Massachusetts Court Discusses Personal Injury Claims Arising Out of Harm on Planes

Passengers on flights are not exempt from harm, but it is not always apparent when and where their claims must be brought when their injuries are caused by another party’s intentional or negligent behavior. This was illustrated in a recent decision by a Massachusetts district court, which upheld the dismissal of the plaintiff’s claims due to the plaintiff’s failure to file an action within the time limits set forth by the Montreal Convention, which governs the criteria for pursuing specific claims against air carriers. If you were hurt on a flight, it’s a good idea to talk to a knowledgeable Massachusetts personal injury lawyer about what steps you might be able to take to preserve your rights.

Facts Concerning the Plaintiff’s Injuries

According to reports, the plaintiff, a Massachusetts citizen, boarded a plane operated by the defendant airline. The airplane took off from Boston and arrived in London the next day. A flight attendant accused the plaintiff of stealing bags during the voyage. As a result, his possessions were inspected without his knowledge, and he was kept on the plane after it landed and in the London airport until it was proven that he did not steal the missing bags.

The plaintiff allegedly filed a complaint against the defendant in a Massachusetts court three years later, which the defendant allegedly moved to the district court. The defendant subsequently filed a request to dismiss, claiming that the plaintiff’s claims were prohibited by the applicable statute of limitations since they were controlled only by the Montreal Convention. The district court granted the request after agreeing with the defendant’s reasoning. The plaintiff then filed an appeal.

The Montreal Convention and Continuing Torts

The Montreal Convention, which governs liability claims against foreign airlines like the defendant, is a convention that the United States has signed. As a result, if a claim is covered by the Montreal Convention, the treaty is the only way to seek redress and preempts all local claims for damages, even if they do not fit the Montreal Convention’s standards for imposing liability.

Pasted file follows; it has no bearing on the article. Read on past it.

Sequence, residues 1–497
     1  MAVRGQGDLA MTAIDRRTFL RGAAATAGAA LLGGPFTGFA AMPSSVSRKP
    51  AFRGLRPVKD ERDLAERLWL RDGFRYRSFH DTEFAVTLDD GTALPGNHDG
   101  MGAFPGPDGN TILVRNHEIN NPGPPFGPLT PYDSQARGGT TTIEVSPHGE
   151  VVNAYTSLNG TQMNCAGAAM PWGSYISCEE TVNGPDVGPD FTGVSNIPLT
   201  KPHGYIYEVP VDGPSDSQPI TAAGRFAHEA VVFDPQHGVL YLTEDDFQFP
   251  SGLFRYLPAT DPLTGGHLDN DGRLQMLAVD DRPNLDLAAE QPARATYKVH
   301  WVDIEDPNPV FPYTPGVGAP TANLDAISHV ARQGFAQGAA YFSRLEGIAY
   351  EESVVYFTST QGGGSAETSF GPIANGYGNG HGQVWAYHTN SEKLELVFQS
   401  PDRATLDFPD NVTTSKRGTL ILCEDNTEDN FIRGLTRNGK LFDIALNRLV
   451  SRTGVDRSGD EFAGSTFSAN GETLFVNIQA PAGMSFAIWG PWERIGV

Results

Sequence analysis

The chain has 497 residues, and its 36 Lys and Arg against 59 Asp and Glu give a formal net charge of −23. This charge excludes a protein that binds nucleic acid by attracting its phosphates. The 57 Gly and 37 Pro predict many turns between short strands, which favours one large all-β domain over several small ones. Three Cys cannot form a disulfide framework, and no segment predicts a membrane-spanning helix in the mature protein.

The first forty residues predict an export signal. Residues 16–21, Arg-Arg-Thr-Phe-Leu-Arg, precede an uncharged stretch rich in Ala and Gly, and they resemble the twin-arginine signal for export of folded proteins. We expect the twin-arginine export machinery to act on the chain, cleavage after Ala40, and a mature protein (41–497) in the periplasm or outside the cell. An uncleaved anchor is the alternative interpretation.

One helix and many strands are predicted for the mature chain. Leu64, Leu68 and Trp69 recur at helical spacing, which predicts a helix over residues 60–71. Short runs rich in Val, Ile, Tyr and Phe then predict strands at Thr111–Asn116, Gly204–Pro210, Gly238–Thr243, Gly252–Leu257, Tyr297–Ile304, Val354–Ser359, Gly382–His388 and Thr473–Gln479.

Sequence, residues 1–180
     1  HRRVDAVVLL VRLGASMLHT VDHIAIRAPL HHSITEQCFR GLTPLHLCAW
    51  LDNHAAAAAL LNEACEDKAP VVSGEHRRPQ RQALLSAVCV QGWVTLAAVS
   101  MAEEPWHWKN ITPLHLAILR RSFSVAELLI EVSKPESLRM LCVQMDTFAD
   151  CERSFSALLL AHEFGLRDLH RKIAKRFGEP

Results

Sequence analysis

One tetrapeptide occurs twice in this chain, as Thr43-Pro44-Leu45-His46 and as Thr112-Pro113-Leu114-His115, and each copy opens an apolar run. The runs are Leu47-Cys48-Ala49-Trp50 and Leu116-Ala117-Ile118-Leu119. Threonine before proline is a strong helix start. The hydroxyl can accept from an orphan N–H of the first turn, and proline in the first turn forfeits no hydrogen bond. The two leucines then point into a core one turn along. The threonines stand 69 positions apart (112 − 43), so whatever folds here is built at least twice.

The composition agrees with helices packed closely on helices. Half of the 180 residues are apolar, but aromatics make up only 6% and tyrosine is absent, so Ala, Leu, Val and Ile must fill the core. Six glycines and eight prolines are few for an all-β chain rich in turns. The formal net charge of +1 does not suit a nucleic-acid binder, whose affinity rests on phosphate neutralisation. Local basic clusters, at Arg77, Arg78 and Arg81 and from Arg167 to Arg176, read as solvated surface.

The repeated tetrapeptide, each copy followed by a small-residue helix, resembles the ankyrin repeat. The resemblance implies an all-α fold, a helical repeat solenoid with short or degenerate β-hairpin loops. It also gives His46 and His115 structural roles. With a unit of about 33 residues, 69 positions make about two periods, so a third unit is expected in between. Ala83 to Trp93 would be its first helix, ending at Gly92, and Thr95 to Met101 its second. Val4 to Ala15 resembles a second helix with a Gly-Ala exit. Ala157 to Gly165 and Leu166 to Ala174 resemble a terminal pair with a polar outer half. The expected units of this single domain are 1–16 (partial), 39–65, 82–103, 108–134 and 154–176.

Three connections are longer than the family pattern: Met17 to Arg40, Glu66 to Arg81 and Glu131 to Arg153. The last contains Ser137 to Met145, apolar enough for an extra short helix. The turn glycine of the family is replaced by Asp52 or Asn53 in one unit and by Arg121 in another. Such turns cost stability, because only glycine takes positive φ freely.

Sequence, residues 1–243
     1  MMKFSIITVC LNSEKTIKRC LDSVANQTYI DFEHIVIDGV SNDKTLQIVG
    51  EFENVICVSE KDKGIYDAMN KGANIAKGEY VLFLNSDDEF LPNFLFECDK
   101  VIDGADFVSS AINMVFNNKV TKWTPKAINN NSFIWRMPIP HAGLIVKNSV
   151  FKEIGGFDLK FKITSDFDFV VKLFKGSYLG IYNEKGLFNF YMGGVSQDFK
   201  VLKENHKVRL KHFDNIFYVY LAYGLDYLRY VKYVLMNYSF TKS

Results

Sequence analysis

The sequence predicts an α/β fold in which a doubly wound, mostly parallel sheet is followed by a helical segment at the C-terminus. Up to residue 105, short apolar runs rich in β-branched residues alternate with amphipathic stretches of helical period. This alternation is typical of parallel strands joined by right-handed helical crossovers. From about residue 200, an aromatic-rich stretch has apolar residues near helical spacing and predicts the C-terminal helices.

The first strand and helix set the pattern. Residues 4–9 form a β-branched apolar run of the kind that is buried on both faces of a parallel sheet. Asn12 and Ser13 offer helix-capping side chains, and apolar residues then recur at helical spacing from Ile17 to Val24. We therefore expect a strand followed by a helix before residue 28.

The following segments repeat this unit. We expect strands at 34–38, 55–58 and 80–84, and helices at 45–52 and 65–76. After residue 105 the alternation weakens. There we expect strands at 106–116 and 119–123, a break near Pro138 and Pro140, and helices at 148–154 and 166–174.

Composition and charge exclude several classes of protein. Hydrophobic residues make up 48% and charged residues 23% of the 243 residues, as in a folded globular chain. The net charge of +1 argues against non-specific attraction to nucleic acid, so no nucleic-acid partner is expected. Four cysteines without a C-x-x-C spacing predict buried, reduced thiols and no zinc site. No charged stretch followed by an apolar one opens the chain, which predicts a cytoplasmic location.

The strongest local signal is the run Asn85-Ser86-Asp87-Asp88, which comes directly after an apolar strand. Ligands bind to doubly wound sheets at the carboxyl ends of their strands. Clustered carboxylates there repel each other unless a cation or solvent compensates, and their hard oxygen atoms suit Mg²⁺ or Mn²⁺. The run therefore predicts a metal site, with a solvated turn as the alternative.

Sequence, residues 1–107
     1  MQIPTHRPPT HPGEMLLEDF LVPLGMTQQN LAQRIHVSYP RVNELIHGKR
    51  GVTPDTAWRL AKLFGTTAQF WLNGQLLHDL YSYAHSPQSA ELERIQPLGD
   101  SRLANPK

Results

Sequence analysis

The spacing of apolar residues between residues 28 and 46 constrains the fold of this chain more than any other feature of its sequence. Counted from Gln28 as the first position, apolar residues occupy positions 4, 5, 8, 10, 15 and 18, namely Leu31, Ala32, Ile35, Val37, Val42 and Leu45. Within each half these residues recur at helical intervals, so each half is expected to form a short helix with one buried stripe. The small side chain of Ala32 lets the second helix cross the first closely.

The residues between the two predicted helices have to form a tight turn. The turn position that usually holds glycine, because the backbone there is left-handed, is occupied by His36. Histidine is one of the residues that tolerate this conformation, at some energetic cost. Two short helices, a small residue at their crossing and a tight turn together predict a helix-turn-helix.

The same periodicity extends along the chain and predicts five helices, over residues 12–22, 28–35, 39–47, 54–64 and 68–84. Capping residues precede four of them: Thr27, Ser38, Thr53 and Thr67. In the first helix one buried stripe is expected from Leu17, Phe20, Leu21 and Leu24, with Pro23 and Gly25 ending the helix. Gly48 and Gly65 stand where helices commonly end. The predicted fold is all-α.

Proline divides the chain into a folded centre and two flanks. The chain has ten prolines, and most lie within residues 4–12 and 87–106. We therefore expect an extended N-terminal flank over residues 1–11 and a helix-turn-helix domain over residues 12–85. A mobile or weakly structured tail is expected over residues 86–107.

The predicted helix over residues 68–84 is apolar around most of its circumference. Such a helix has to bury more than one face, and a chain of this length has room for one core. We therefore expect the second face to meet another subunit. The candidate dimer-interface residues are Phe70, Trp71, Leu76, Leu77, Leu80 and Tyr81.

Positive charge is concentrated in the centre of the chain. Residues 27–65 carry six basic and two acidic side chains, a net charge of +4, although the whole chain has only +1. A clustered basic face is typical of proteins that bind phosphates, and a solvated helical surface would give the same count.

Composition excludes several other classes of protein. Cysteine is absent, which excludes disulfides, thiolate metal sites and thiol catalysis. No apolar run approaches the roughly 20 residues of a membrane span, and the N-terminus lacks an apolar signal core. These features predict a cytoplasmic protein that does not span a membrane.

The Montreal Convention specifies that an airline will be held strictly accountable for an injury caused by an accident that occurred on the aircraft or while arriving or disembarking. An event must occur as a result of an unplanned occurrence to be termed an accident, and liability will only be imposed for injuries caused by unintentional occurrences, as personal injuries that do not occur as a result of an accident are not covered. Furthermore, under the Montreal Convention, a plaintiff seeking damages must bring a claim within two years of the date of harm.

Both parties agreed that the accident that occurred in this case constituted the plaintiff’s false imprisonment, which is a continuing tort under Massachusetts law. The plaintiff, on the other hand, maintained that because the tort began in one location and finished in another, it allowed for two independent causes of action, and that the harm he suffered after disembarking from the plane was not covered by the Montreal Convention. The court dismissed this argument, finding that it lacked legal support, and upheld the trial court’s decision.

Speak with a Competent Cape Cod Personal Injury Attorney

If you were injured before, during, or after a flight, it’s a good idea to talk to an attorney about what kinds of claims you might be able to make. The competent lawyers of The Law Offices of John C. Manoog, III, will assess the circumstances surrounding your harm and advise you of your options for seeking damages. You can reach us through our online form or by calling us at 888-262-6664 to set up a meeting.





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